Very frequently a "strong" or "weak" immune system has little to do with whether you catch a disease.

Very frequently, it has a lot to do with whether you survive it if you catch it.
And that is what determines whether your genes have an advantage or not. It only takes a small statistical advantage for successful genes to be selected for.

Comment: Re:Somewhere in the middle... (Score 1) 341

by arth1 (#49527279) Attached to: Study Confirms No Link Between MMR Vaccine and Autism

You do realise that proximity and exposure is the biggest factor in determining who develops antigens to any given disease?

ie, chance?

Um, yes? But the diseases we vaccinate against aren't 100% lethal or 100% sterilizing.

It's not chance that determines whether someone who does catch the disease will survive as a reproductive individual. It's the overall strength of the immune system and fitness of the individual.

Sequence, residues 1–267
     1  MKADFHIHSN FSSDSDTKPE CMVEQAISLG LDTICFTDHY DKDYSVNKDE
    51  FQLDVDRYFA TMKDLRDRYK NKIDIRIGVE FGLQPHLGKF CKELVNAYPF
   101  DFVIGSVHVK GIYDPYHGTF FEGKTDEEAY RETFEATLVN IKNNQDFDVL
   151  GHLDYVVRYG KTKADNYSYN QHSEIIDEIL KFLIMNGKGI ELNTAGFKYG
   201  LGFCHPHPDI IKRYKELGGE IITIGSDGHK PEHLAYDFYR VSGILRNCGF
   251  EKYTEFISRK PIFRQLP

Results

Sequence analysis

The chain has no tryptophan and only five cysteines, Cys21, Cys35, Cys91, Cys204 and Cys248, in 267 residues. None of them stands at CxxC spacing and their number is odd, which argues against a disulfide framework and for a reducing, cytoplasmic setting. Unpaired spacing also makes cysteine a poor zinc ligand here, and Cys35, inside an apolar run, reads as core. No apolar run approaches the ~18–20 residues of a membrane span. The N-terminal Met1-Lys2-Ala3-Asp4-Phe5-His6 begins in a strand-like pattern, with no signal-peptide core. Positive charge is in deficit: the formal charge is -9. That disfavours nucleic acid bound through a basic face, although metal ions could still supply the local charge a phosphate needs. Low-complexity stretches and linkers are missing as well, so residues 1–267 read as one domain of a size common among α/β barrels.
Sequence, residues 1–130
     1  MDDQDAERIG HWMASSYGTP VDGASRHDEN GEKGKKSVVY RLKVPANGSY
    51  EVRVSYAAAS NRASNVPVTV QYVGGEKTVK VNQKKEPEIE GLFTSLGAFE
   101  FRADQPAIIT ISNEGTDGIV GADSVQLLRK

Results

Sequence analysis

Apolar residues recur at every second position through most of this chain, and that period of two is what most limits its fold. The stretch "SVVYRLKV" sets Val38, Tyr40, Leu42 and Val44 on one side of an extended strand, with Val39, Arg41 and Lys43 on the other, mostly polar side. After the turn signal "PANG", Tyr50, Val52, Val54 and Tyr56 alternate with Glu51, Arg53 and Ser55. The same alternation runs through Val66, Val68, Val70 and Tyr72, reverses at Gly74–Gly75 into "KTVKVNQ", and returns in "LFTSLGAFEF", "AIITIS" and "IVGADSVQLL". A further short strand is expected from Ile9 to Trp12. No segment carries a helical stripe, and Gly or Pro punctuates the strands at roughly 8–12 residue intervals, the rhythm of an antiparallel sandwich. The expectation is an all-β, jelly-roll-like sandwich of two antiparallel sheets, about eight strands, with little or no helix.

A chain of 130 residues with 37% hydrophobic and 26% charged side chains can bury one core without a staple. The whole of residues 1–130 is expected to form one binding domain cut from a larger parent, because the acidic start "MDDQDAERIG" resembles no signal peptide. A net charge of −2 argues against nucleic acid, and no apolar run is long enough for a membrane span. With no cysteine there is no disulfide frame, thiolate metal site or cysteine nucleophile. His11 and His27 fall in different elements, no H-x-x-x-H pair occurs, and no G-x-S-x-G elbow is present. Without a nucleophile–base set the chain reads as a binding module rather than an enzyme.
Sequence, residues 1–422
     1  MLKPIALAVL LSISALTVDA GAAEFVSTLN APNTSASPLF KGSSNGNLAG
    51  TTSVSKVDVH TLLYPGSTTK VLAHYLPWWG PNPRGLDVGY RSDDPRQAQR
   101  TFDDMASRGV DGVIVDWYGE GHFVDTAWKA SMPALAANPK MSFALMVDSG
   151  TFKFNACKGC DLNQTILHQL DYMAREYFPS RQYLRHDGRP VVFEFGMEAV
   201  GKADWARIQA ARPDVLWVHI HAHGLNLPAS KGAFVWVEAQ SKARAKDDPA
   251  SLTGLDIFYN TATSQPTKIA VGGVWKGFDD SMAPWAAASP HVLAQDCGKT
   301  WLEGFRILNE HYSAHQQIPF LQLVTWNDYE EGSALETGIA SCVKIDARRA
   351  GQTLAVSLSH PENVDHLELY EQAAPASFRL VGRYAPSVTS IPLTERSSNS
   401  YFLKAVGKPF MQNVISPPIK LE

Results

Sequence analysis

As long as some catch and survive a disease, evolution selects for the genes those individuals have versus those that die, become sterile or never catch the disease. Take away the risk of catching the disease, and those genes no longer have an advantage. With vaccination, those with weaker immune systems have an increased chance of surviving until reproduction, and as a result, the next generation will, on average, have weaker immune systems than if the culling had taken place.

If your father would have died from measles as a child had he caught it, due to him having a weak immune system, and he survived because he or those around him got vaccinated, chances are higher for you to have a weak immune system than the child of someone from an area without vaccinations. And if you have a weaker immune system, the risk of allergies is higher.
Of course, your father might have had a strong immune system and laughed off measles. But the reason we do vaccinate is that not everybody does. There will be lives saved, or we wouldn't do it. Even if just some survive that otherwise wouldn't have, this will have an impact on the next generation.

We choose to save lives now, and accept the genetic costs of the weakest not being culled from the herd. This isn't something that is disputed. It's a moral choice we make, but we don't get to escape paying the price - at least not until we reliably can make genetic repairs.

Comment: Re:Somewhere in the middle... (Score 1) 341